“Thank you for the assistance your organization has provided to the Peruvian Truth and Reconciliation Commission.  The support of Miss Tamara Feinstein, from the beginning of our work and during these days, has been extraordinarily helpful in the difficult task of analyzing and understanding the nature, scope and utility of the declassified documents …. Taking into account the short period of time the Commission has to perform its mandate, and the complexity of the information contained in those documents, the active and generous involvement of Miss Feinstein is crucial to our goals.”

- Javier Ciurlizza, Executive Secretary, Comision de la Verdad y Reconciliacion (Peru), (2003)

“Prados directly engages, and in many cases, demolishes, a host of shibboleths about the war. But this is no mere polemic. Rather, Prados’s powerfully presented and meticulously argued account, buttressed by a staggering amount of documentary evidence, meets the most exacting standards of scholarship. His sweeping history forms the capstone of more than three decades of careful research and measured reflection on the Vietnam War .... It may be the single most important book yet written on the Vietnam conflict.”

- American Historical Review, on Vietnam: The History of an Unwinnable War (2010 winner of the Henry Adams Prize) (2009)

“National Security Archive (NSA), Estados Unidos. Apoyo del Equipo de investigación solicitado a Carlos Osorio para la consulta de documentos de los Archivos desclasificados del Departmento de Estado de los Estados Unidos de Norteamérica referidos a Uruguay y a casos de uruguayos desaparecidos en Argentina y Paraguay.”

- “Investigación Histórica sobre Detenidos Desaparecidos” report in Uruguay (2007)

“This remarkable book [A Cardboard Castle?] documents in fascinating detail the rise and fall of the Warsaw Treaty organisation – an alliance of unfree nations press-ganged into military collaboration over forty years.  How it came about, did its business, and eventually imploded is the story of my lifetime – and that of many others who were affected by it.  This is therefore not just a story for experts or historians – it is a chronology of significance and an era we must never forget".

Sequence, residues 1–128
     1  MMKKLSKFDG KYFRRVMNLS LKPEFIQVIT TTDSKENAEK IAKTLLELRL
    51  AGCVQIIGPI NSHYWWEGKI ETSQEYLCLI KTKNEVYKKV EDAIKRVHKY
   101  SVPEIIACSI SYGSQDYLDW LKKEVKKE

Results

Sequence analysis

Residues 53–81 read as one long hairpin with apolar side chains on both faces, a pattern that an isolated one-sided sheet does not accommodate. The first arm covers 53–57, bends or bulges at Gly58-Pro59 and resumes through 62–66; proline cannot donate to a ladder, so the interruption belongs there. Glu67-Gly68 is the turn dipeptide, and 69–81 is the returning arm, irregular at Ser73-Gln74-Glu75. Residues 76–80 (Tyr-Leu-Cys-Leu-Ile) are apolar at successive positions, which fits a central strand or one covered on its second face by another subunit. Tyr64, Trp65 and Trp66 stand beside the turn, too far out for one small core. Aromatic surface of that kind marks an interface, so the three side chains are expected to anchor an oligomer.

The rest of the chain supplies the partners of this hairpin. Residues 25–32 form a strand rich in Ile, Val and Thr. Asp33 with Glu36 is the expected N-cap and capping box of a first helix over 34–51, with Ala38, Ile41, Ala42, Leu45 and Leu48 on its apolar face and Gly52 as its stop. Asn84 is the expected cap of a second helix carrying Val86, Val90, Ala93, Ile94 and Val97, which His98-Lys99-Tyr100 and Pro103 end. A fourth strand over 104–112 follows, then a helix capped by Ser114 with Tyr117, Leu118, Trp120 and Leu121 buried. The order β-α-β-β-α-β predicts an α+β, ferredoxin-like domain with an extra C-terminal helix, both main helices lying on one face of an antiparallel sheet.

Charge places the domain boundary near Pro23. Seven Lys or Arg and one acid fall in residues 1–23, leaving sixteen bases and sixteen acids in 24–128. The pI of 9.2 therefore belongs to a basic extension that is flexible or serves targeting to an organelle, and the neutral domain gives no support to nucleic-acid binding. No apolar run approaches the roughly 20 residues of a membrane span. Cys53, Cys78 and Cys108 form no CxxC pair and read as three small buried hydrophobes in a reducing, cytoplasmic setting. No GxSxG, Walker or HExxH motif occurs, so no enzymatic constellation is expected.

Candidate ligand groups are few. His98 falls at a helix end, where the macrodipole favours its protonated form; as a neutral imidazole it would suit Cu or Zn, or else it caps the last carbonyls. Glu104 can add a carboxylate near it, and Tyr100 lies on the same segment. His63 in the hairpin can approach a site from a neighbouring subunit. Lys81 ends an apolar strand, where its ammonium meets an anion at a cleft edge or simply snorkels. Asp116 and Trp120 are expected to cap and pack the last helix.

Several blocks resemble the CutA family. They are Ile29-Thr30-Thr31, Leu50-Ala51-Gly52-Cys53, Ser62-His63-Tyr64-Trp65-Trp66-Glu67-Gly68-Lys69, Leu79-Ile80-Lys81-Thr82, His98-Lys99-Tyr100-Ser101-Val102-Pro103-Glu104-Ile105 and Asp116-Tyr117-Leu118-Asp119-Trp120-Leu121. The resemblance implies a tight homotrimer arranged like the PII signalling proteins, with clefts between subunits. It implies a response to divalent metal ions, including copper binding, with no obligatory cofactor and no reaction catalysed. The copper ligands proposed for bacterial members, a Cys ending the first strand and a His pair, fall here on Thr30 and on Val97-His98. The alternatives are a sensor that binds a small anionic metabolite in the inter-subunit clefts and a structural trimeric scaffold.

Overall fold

- The Rt. Hon. Lord Robertson of Port Ellen, NATO Secretary General, 1999-2003

“I have never read a book quite like this. Becoming Enemies is the latest product of the indispensable National Security Archive, the Washington non-profit that has given new meaning to the Freedom of Information Act.  They not only use their skills to get major U.S. policy documents declassified, but they take those documents and find innovative ways to illuminate important historical episodes.  This book is a living example.

“No one can emerge from this book without a sense of revelation.  No matter how much you may know about these tumultuous years, even if you were personally involved or have delved into the existing academic literature, you will discover new facts, new interpretations, and new dimensions on virtually every page.” 

- Gary Sick, Columbia University, review of Becoming Enemies (2012)

"FBI documents declassified in July reveal that the bureau has been worried about right-wing extremists for a long time—so many years, in fact, that many seem to have forgotten that white supremacists, who pioneered homegrown terrorism with the Ku Klux Klan, have not gone away.  The documents, which were collected by the invaluable National Security Archive and obtained partly through Freedom of Information Act requests, shed light on the problems coming from the extreme right.”

- Jordan Michael Smith, in Salon (2012)

“The work of the National Security Archive has helped prevent this issue from being swept under the rug. The Iran-Contra Scandal: The Declassified History is a history we must not forget.”

- James Ridgeway, Village Voice (1993)